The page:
The lawsuit in Lightfoot involved a mortgage loan Cendant Mortgage Corporation made to Beverly Hollis-Arrington. Fannie Mae purchased that loan, though Cendant continued to service it. The borrower defaulted and unsuccessfully tried to work out a forbearance arrangement with Cendant. The borrower and her daughter, Crystal Lightfoot, attempted to resolve the issue through bankruptcy proceedings and transfers of the underlying property between themselves. Ultimately, the property was sold via foreclosure sale.

Lightfoot and her mother sued, inter alia, Fannie Mae in state court. Fannie Mae removed the action pursuant to 28 U.S.C. § 1441 (allowing removal of cases within federal courts’ “original jurisdiction”). Fannie Mae’s only asserted ground for jurisdiction was the “to sue and to be sued” language in its statutory charter, 12 U.S.C. §1723a(a).

The district court dismissed the claims against Fannie Mae on preclusion grounds, and the Ninth Circuit initially affirmed. It then withdrew its opinion and requested that the parties brief the question of whether the district court had subject matter jurisdiction in the first instance. Ultimately, the Ninth Circuit again affirmed the district court,1 concluding that, under the Supreme Court’s opinion in American National Red Cross v. S.C.,2 Fannie Mae’s charter statute conferred subject matter jurisdiction. Specifically, the Ninth Circuit interpreted the Red Cross case to mean that when a statutory charter contains a “sue-and-be-sued” clause that expressly references federal courts, it creates federal subject matter jurisdiction.3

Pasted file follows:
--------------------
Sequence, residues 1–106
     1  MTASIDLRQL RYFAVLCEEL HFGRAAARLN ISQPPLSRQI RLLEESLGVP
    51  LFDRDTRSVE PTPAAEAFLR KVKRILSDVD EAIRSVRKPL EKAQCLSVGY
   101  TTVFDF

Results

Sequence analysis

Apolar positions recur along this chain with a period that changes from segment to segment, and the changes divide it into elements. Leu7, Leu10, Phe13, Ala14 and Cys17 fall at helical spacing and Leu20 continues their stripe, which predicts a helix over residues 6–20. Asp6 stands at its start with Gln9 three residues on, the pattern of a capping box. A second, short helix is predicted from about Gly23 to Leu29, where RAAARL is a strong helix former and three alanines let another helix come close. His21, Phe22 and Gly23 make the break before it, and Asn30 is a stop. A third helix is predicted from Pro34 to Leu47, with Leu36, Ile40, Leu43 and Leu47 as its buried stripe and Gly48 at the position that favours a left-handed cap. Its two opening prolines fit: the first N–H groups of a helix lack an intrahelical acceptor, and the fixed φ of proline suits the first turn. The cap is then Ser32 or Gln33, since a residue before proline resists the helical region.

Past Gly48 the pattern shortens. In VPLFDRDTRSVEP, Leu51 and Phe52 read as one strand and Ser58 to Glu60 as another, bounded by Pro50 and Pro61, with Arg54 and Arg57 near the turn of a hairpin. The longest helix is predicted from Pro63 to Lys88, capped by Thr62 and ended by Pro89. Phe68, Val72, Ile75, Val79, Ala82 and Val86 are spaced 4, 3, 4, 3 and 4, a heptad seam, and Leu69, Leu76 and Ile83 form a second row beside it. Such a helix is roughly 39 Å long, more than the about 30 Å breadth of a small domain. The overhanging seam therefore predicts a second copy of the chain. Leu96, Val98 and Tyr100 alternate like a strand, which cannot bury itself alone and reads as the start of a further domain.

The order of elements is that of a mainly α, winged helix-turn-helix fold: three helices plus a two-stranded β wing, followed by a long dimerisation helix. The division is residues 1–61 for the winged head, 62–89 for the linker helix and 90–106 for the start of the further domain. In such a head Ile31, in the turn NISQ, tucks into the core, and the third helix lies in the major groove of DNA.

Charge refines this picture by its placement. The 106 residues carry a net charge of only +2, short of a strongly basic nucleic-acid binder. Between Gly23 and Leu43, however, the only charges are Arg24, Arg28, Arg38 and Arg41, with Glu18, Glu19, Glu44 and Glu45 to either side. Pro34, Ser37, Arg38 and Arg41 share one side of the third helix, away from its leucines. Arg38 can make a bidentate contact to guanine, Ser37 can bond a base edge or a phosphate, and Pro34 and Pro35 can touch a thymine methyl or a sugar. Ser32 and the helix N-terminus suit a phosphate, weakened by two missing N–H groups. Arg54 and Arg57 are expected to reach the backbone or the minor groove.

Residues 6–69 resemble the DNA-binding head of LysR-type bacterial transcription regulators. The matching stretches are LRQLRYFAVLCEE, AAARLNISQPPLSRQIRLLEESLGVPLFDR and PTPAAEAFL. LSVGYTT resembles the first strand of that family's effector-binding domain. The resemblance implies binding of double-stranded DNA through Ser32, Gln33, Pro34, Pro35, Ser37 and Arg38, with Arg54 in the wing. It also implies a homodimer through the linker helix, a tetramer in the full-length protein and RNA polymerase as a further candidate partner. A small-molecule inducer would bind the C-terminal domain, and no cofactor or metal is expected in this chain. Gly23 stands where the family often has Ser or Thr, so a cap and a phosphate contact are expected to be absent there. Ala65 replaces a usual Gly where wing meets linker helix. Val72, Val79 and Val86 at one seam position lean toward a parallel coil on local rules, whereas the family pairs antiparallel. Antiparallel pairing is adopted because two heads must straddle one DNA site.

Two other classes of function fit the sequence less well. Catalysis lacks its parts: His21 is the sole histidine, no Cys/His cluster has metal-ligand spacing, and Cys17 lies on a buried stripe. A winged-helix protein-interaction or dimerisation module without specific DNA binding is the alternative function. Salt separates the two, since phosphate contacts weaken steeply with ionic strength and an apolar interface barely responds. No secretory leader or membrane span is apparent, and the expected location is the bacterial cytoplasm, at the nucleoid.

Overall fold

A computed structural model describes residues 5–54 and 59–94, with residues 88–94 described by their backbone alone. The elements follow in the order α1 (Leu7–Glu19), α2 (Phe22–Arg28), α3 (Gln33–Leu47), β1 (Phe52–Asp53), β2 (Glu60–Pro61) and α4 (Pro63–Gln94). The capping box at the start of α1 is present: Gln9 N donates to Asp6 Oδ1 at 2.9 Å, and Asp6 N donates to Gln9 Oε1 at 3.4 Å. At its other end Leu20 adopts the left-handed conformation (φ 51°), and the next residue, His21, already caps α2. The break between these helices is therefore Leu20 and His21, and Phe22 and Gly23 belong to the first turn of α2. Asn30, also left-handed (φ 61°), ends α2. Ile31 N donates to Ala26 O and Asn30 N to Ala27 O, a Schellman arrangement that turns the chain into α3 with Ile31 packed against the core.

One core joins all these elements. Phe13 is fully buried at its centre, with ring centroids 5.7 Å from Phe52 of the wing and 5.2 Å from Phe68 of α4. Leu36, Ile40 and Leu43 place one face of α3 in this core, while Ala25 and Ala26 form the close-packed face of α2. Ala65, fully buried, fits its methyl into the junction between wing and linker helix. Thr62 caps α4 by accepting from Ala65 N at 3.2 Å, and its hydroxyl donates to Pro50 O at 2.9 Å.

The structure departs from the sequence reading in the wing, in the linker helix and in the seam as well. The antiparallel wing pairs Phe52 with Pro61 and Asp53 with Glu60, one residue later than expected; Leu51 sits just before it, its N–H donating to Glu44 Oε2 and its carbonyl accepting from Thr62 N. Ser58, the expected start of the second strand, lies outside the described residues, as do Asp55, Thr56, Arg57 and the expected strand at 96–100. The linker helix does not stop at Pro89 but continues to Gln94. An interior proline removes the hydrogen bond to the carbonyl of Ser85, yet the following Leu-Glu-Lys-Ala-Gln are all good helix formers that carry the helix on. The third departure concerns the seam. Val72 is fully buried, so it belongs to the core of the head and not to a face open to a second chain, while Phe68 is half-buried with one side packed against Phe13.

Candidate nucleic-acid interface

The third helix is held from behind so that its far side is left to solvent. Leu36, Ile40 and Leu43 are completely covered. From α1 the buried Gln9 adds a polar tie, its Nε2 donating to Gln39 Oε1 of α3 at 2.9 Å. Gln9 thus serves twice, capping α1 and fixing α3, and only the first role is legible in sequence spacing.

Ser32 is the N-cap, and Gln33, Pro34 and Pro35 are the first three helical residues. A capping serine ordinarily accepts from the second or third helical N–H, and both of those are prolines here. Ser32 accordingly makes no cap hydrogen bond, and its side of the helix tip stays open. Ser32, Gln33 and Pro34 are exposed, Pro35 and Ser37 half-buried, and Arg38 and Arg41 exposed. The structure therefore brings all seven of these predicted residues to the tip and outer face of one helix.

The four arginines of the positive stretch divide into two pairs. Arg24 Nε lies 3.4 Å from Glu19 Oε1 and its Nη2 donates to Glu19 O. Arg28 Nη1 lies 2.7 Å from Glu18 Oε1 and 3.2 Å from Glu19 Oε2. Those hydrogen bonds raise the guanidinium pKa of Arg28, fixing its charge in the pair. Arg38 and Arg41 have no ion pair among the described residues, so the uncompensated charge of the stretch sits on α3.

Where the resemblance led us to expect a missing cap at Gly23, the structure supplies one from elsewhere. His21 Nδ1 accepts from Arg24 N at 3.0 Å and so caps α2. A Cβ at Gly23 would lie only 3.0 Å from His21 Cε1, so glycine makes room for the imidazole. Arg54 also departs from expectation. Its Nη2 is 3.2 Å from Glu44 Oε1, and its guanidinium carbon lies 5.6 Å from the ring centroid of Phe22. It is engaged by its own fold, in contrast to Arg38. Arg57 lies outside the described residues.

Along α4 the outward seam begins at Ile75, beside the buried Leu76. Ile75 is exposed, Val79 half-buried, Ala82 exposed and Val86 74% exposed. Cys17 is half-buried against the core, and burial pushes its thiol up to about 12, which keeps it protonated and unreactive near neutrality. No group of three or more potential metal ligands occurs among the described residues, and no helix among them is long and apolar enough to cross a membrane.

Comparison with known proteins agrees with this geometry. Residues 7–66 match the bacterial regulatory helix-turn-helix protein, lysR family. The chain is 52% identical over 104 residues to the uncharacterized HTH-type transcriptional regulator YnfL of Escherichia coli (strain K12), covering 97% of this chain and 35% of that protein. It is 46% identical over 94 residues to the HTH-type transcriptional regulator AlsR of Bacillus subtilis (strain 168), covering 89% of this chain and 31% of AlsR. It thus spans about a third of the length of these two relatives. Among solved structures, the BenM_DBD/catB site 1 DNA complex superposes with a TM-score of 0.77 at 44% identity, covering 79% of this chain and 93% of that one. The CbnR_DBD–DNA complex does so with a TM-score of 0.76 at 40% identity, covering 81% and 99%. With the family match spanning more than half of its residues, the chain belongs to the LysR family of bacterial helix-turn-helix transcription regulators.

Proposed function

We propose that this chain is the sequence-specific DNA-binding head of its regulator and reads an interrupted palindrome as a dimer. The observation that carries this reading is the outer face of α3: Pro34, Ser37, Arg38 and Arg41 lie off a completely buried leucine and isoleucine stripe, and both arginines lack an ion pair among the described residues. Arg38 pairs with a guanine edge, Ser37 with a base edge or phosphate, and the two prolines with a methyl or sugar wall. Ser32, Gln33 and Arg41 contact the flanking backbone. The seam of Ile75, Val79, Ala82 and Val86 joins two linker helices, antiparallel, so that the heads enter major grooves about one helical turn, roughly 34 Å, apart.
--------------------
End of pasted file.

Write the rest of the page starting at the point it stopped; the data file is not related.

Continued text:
The Supreme Court granted certiorari, in part because three circuits4 had held that a charter statute containing such language actually created federal court jurisdiction, while four other circuits5 had disagreed. The Court resolved this circuit split and reversed the Ninth Circuit’s conclusion that there was federal subject matter jurisdiction. Justice Sotomayor delivered the opinion of a unanimous Court.